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DIY tutorial: tassel earrings

Written by Francesca Kletz and Brooke Dennis, published 19th february

A cute gift for your bridesmaids - or for yourself...



I made them myself. BOOM. Mind blown. Let me tell you something, perfect party earrings are hard to find. Some of us have short necks or giant earlobes or, like, no ears! Which actually makes this tutorial a little redundant – but anyway.

I mean, yes, there are more important things than finding the perfect dangly earrings, ones that have hypoallergenic posts or aren’t so long that they sit way down below your shoulders (I’m looking at you, ‘the 70s’). So let’s just make them ourselves.

They can be the perfect colour combination, they can have sterling silver posts and we’re making them with tassels made of yarn, so if they’re too long you can just trim them. You’re welcome.

Spoiler alert! You’re going to need some jewellery pliers to make these earrings – they’re really easy to get hold of and once you own some you’ll feel like a pro.

How to tassel

Everyone loves a tassel. I mean, that’s just science. They go with everything: cushions, wall hangings, bookmarks, cats’ tails, all the things. Here’s our snappy guide to tasselling up your life.

1. You’re going to want to measure out a heck ton of yarn to make your tassel nice and bushy. Bushy tassel? Yes please. To keep your tassel yarn all the same length, wrap it around a piece of card. Snip the yarn along one side of the card.

2. Cut another, single piece of yarn. Make it long, so you can trim it later when you decide on the length for your project. Do a double knot with this long piece of yarn around the middle of your chunk of tassel yarn.

3. Hold the long piece of yarn in one hand and smooth the tassel tails together, keeping the other long piece of yarn hidden.

4. 4.1 Do a wrap knot around the head of the tassel. To create a wrap knot, cut a length of yarn approx. 30 cm (12 in). Lay the yarn on top of the tassel with a short tail towards the top, a small loop then the rest of the tail towards the left. This looks like an upside down ‘4’.

4.2 Wrap the long tail around the tassel, working from the top towards the bottom until you have the perfect length of wrap or you run out of yarn.

4.3 Dive your tail that you have been using to wrap into the loop.

4.4 Gently pull on the tail of yarn whilst firmly holding the short tail at the top. The loop will slide neatly under your knot.

4.5 Cut the excess tail off. Finished!

5. Hang and trim the tassel so you can cut it as straight as possible.

6. Make tassels in every colour and yarn combo you can find.

To make the earrings

Tools:

- Scissors,

- 2 x buttons with shanks

- 7 mm (1/4 in) split rings

- Jewellery culottes

- Jewellery pliers (cutter)

- Plastic-coated jewelry wire

- Yellow seed beads

- 2 x earposts and backs

- Superglue

- Yarn: red and yellow yarn

1. Get some buttons! I know, buttons in jewellery can look super twee and you guys thought this book was, like, ‘anticraft’ or something, but buttons come in many incarnations and only one of them is pearlised pastel pink. You need a shank button – that’s the kind of button with no holes at the front and a little, well, shank at the back. The size is up to you – you can buy earring posts on the internet with varying base sizes, so you’ll be able to get one to fit on the back of your button of choice.

2. To start with you need to make your collection of tassels – we’ve used three for each earring (so six for a set), but this is up to you. Measure and cut your chosen tassel yarn into clusters that are 15 cm (6 in) long. The amount of yarn per cluster depends on the yarn you choose – you’re going to need to fit your tassels into a 7 mm (1/4 in) split ring, so measure as you go – the finer the yarn, the more strands will fit into your split ring. Make your tassels (see page 60) using the split ring in place of the yarn your tassels usually hang from and wrap the tassels in a complementary coloured yarn – the finer, the better (but the colour is still up to you!).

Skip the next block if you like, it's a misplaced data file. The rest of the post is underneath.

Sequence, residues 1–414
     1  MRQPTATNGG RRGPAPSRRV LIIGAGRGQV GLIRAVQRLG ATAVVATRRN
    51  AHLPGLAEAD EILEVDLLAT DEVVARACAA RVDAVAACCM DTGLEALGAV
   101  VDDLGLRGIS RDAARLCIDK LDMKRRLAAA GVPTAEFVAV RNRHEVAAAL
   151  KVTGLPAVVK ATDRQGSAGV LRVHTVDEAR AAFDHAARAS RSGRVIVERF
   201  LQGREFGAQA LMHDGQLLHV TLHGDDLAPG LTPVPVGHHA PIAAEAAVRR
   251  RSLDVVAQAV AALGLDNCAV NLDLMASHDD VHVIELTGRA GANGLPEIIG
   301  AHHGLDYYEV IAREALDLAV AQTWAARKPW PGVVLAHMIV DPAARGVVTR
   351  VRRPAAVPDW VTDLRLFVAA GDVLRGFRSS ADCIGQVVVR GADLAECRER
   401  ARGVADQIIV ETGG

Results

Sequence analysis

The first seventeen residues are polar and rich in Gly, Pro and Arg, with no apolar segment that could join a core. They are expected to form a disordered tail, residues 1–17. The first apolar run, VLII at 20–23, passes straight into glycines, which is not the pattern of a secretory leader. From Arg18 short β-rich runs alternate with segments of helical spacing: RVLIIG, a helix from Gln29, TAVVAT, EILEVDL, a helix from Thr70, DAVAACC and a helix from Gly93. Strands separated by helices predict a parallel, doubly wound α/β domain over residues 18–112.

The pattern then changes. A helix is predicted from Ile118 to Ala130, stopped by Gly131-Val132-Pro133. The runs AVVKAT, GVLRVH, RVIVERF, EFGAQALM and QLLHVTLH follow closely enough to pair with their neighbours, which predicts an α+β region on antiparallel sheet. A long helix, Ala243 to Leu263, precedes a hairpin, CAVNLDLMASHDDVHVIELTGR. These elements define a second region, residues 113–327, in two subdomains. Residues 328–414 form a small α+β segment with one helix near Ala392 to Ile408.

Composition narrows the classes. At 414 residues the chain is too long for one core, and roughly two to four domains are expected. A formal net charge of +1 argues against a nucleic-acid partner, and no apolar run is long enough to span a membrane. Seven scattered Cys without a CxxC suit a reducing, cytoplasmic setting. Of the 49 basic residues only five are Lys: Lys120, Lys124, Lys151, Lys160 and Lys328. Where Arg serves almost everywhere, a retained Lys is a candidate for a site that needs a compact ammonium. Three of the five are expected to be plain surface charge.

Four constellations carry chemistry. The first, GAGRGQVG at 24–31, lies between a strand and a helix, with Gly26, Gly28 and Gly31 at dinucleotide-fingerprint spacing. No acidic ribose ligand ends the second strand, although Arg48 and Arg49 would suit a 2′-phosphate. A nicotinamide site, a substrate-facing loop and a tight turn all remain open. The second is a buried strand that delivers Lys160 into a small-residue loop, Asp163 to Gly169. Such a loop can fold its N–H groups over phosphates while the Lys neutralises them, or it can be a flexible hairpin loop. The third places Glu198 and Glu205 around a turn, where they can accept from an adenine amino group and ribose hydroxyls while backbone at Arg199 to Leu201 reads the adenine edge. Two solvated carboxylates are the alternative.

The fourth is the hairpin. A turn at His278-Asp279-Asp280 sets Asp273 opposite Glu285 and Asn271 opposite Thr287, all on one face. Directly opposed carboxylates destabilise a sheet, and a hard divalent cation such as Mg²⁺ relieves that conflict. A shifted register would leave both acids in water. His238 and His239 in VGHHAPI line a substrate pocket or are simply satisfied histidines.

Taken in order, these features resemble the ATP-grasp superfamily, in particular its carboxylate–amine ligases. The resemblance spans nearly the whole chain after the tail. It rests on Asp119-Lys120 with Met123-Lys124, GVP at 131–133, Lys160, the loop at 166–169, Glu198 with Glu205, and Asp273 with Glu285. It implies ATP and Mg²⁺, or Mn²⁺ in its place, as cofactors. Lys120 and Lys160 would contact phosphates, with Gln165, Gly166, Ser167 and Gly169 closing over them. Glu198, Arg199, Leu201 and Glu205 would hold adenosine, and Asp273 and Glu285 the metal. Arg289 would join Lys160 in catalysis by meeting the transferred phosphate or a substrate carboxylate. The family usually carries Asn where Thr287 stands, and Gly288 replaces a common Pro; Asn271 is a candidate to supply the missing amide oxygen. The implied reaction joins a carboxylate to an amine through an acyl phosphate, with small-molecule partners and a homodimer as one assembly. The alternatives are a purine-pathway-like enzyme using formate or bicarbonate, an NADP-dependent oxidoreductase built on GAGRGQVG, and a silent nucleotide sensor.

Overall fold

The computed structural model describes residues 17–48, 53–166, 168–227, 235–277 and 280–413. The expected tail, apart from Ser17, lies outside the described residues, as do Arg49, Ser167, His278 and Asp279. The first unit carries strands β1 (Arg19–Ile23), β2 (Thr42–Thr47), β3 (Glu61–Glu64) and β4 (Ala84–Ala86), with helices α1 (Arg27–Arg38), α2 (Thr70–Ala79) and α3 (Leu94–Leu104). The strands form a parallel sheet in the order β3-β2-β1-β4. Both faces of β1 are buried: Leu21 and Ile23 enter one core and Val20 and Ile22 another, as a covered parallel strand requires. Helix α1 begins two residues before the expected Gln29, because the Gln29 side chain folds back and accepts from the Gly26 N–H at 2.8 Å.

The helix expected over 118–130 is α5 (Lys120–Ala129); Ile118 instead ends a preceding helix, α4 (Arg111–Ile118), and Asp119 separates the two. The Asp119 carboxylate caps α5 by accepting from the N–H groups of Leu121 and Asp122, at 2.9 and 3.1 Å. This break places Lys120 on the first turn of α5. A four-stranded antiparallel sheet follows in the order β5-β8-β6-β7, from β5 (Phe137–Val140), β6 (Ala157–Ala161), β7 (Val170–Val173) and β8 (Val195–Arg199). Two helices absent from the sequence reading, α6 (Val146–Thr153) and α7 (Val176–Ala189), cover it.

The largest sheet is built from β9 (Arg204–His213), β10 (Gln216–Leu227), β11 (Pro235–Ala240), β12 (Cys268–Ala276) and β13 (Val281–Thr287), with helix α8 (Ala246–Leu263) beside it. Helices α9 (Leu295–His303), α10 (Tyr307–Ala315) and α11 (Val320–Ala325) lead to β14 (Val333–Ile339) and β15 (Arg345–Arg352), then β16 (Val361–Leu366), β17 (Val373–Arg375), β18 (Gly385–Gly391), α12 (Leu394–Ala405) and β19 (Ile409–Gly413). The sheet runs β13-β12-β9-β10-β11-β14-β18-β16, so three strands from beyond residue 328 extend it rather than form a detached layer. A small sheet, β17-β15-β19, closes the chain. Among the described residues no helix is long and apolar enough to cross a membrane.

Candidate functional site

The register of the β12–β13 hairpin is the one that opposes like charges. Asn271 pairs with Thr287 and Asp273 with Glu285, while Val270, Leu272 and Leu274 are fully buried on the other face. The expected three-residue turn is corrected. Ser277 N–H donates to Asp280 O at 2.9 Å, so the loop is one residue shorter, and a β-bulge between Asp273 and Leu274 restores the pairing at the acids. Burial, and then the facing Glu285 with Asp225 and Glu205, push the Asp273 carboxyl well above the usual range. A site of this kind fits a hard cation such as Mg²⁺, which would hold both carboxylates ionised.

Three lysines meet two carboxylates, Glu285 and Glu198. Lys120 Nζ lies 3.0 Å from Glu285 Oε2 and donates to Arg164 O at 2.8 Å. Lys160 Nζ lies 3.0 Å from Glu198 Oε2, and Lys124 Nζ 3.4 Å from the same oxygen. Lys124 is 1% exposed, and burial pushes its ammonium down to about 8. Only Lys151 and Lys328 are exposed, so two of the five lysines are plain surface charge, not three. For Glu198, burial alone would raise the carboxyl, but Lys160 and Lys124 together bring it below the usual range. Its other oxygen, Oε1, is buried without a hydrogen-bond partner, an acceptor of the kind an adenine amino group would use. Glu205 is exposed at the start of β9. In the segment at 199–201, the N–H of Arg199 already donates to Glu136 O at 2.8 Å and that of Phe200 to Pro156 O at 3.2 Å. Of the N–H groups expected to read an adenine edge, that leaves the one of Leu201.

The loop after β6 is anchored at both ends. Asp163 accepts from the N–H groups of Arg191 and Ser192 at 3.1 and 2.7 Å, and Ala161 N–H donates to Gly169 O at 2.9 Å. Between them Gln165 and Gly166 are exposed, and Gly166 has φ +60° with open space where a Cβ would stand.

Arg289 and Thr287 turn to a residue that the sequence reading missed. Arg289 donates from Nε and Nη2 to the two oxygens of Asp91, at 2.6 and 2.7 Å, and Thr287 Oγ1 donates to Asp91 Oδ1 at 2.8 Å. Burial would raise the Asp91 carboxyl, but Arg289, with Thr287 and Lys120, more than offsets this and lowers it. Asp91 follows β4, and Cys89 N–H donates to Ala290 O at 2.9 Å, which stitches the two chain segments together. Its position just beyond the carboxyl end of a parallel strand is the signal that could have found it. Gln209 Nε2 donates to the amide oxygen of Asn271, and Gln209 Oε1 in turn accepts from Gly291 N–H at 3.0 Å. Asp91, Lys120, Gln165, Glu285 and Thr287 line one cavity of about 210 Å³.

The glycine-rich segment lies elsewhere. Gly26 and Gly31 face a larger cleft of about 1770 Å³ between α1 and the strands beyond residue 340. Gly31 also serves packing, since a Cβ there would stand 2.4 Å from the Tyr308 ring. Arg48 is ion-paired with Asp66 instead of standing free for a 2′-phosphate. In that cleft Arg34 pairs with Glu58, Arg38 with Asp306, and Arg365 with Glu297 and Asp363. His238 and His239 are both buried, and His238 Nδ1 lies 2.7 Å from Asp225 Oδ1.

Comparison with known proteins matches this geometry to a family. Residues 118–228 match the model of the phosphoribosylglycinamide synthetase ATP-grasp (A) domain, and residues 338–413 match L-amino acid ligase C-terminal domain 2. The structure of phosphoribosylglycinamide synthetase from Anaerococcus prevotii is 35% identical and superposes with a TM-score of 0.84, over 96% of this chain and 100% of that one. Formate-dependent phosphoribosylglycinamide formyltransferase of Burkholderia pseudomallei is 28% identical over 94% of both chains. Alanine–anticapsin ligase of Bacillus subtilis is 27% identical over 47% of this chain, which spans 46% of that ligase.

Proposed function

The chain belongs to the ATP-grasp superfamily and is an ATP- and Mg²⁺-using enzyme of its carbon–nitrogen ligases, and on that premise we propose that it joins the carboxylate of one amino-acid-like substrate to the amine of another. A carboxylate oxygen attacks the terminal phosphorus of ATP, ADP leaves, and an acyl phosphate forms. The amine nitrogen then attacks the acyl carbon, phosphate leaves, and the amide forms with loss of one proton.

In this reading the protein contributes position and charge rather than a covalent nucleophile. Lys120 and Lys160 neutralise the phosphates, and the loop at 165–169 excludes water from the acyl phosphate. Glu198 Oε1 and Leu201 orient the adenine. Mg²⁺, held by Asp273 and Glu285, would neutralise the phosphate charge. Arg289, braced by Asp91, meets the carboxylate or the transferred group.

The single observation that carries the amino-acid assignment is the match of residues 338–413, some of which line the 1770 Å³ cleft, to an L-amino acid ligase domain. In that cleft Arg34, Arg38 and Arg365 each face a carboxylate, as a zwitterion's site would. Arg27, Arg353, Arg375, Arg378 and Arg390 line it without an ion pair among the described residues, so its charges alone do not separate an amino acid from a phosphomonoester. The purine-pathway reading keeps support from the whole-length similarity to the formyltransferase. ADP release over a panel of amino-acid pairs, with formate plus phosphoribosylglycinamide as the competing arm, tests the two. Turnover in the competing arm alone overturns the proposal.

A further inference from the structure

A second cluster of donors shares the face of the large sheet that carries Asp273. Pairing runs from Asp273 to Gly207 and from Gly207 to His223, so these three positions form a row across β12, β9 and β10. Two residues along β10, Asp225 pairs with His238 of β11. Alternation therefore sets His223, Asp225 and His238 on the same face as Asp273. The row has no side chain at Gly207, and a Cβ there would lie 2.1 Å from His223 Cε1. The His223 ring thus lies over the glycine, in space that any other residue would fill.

3. Using fine plastic-coated jewellery wire, thread your tassels and beads together (you won’t see the wire, so the colour doesn’t really matter, but it comes in loads of options). Cut off more jewellery wire than you think you’ll need – you can trim it later, but it makes the wire easier to work with. You can also use a fine string for this, but you would need a beading needle, which I hate using because it’s so fine. We’ve used yellow seed beads in between our tassels, but the choice is yours. This might be a good excuse to use up those beads you bought on that trip to Tanzania, that you thought you’d make dolls with and then sat at the back of your dresser for, like, five years.

4. When you’re happy with the tassel and bead arrangement on your wire, tie a double knot with the two ends of your wire and use a pair of jewellery pliers to snip off any excess. Using your jewellery pliers, close a jewellery-making culotte over the knot and attach the hook of the culotte to a split ring. Open the split ring and fasten it onto the shank at the back of your button.

5. All that’s left to do now is add some super- or all-purpose glue to the base of your earring post and the spot on the back of the button shank where you’d like your beads and tassels to hang from and stick them together. Make sure you buy a good glue that works on metal and plastic and let it dry for 24 hours to ensure you don’t disrupt its magical sticking powers.

6. Put them in your earlobes! If you don’t have pierced ears, glue clip-ons to the button and not earring posts or you’ll be all, ‘Where does this bit go?!’

Extracted from Weave This by Francesca Kletz and Brooke Dennis (Hardie Grant, £14.99) Photography © Rita Platts

 





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